You may have missed it, but since July 15 large anti-regime protests by young people have flared up in more than a dozen cities in the southwestern Khuzestan province of Iran. The enraged residents are protesting severe water shortages caused primarily by negligence and corruption by the Islamic Revolutionary Guard Corps.
The protesters have been chanting slogans such as “We will not accept humiliation” and "Death to Khamenei, death to the dictator.” Videos of the demonstrations and the regime’s brutal response to them, captured and transmitted by citizen journalists at great risk to their lives, have lighted up social media.
The Khuzestan region is important to the regime and is not a place where it wants dissent to grow. The region is rich in oil and natural gas resources and is home to vital ports on the Persian Gulf. Khuzestan also is the nation’s fifth most populous province, 5 million people strong. It provides 15% of the country’s economic output, second only to the capital of Tehran.
The Khuzestan protests are the latest major warning to the regime and a clear measure of the explosive nature of the Iranian society. The protesters’ grievances are deep-rooted and range from being fed up with systemic state corruption to the wretched condition of infrastructure services such as water, power, roads, and bridges.
The regime has reacted swiftly and with ruthless violence. State Security Force special units and motorcycle units have used tear gas, pepper spray, and bullets, but have failed to stop the protests. Tehran has dispatched hundreds of reinforcements. Still, the protests are persisting and advancing.
Since December 2017, several rounds of nationwide uprisings have taken place in Iran where the protesters have consistently appealed for an end to the theocracy, a prerequisite for holding free and fair elections.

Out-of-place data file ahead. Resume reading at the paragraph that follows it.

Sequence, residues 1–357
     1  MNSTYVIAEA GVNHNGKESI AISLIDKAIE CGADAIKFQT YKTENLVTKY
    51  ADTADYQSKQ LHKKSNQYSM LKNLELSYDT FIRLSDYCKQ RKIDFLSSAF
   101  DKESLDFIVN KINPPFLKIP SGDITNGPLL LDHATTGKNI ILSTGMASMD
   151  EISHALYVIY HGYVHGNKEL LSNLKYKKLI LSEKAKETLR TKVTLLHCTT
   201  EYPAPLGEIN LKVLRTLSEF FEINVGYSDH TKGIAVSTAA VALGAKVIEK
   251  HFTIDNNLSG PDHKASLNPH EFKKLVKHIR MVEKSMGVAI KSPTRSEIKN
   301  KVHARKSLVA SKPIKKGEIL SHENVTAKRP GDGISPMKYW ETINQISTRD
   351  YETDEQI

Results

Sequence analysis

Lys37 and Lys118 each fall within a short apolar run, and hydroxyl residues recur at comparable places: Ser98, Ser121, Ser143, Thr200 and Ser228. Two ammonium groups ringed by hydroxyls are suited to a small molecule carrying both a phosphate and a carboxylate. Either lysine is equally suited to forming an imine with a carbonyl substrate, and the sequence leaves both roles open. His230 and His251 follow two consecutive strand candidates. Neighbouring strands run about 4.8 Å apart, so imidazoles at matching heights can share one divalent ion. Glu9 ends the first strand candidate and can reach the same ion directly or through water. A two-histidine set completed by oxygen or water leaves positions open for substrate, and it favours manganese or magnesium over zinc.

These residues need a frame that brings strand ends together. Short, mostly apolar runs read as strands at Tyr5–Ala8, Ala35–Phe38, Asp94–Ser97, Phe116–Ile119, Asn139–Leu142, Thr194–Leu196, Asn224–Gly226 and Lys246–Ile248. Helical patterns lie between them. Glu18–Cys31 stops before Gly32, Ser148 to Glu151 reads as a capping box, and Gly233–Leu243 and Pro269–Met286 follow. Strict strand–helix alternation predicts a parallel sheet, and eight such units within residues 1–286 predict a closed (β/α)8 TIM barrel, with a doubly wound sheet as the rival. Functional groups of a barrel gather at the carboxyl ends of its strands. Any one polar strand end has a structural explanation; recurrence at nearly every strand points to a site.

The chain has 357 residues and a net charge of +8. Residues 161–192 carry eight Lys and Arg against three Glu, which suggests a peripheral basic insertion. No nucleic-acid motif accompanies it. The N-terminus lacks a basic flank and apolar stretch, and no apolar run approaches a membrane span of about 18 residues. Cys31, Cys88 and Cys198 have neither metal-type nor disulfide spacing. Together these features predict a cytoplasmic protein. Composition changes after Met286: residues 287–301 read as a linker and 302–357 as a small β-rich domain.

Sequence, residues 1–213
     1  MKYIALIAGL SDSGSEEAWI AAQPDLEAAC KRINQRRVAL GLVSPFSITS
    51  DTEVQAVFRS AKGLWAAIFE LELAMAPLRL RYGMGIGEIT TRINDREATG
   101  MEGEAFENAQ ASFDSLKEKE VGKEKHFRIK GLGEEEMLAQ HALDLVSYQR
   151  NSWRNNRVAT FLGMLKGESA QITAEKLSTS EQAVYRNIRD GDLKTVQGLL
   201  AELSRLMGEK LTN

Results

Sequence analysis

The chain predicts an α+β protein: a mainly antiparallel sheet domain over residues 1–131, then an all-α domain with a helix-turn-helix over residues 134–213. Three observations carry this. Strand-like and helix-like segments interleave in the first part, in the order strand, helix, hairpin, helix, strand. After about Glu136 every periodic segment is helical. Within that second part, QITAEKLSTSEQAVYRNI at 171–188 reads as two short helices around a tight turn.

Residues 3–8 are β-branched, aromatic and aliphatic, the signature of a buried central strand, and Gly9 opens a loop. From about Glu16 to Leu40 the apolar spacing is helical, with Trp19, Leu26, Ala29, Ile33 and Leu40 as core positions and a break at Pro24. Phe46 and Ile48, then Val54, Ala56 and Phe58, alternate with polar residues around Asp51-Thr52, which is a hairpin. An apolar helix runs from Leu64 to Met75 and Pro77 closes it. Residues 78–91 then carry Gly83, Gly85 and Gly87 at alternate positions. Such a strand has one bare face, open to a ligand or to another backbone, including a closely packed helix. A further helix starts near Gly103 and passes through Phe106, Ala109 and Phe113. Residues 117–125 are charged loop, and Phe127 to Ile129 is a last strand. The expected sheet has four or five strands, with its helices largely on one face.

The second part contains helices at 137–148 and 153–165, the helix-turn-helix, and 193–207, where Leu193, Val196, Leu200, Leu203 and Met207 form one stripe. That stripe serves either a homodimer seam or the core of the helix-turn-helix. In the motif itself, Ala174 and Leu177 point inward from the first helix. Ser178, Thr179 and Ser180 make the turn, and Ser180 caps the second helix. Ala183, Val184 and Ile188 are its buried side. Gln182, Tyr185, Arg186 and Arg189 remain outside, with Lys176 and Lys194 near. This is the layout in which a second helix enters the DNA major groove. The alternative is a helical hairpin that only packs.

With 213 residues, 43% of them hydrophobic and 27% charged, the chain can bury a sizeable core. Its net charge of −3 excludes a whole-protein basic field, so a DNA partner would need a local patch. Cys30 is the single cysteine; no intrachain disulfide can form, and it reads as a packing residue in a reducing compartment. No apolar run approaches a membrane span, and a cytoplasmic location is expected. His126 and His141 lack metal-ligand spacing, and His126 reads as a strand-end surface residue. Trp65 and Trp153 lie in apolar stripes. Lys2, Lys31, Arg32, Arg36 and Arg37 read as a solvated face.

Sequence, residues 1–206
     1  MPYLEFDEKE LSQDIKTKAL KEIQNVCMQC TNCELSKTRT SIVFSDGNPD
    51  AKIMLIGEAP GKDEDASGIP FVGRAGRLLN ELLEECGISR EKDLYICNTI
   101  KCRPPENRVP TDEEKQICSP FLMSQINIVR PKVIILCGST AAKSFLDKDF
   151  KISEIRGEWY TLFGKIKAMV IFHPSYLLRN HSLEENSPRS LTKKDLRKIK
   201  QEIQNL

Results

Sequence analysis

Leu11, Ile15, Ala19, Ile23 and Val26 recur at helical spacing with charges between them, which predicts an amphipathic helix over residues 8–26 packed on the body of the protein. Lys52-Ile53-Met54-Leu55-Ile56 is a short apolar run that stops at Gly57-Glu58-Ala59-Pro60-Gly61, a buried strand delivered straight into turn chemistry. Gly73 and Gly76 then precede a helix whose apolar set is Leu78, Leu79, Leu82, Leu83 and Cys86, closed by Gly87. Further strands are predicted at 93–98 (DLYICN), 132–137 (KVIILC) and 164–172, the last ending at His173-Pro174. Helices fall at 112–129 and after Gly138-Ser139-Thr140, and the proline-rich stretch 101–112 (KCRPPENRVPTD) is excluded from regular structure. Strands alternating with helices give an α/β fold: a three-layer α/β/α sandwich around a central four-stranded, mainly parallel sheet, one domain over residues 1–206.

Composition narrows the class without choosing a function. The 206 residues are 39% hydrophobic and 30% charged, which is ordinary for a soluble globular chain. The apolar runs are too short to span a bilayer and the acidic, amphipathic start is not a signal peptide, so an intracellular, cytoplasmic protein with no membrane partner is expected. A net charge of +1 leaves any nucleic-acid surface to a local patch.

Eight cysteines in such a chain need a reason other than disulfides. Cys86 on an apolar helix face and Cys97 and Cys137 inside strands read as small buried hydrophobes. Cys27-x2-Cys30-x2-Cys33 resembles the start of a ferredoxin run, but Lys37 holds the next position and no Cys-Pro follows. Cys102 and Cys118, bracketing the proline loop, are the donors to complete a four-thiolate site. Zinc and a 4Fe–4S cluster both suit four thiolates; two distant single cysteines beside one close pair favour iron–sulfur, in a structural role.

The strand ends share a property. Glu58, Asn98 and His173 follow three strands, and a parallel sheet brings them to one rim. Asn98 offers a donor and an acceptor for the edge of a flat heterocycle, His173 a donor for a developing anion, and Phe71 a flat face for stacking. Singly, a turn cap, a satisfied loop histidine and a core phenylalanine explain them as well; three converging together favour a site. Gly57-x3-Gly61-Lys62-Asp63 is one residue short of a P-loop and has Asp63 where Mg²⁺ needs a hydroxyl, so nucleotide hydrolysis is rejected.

This year, protests have broken out in the impoverished province of Sistan-and-Baluchestan in southeastern Iran. Also, this year Iranians dealt a major blow to the political apparatus of the clerical regime through an unprecedented boycott of the presidential election. This led to historically low turnout.
Since last month, nearly half of all contract oil workers in Khuzestan have been on strike. They are complaining about low pay and woeful working conditions. Those concerns have been spilling over into other provinces.
Meanwhile, the organized opposition to the regime is gaining momentum. In mid-July, a three-day Free Iran 2021 world summit joined over 50,000 points of access online from 106 countries (including Iran itself) across six continents. The event displayed the solid, trans-partisan international support for the aspirations of the Iranian people to oust the regime.
More than 30 members of the U.S. Congress from both political parties also addressed the summit and added their voices to the call for holding the Iranian regime’s incoming president, Ebrahim Raisi, accountable for crimes against humanity, including his key role in the 1988 massacre of thousands of political prisoners. Raisi (pictured), who will be inaugurated on Aug. 3, was handpicked by Supreme Leader Ali Khamenei to confront an increasingly restive society that is seeking change.
The Biden administration would like to renew its talks with Iran to stop its development of nuclear weapons. But negotiations are going nowhere. The embattled ayatollahs are stepping up their hostile activities around the world through their proxies in the hope of compelling the U.S. to complete sanctions relief. But that strategy may be backfiring as the Iranian people display the vulnerabilities of the regime.
Tehran has never been this weak and vulnerable. The true and lasting partner in that part of the world is not the Raisi regime. It is the people of Iran. They have been showing in recent weeks that they are committed to regime change and democracy.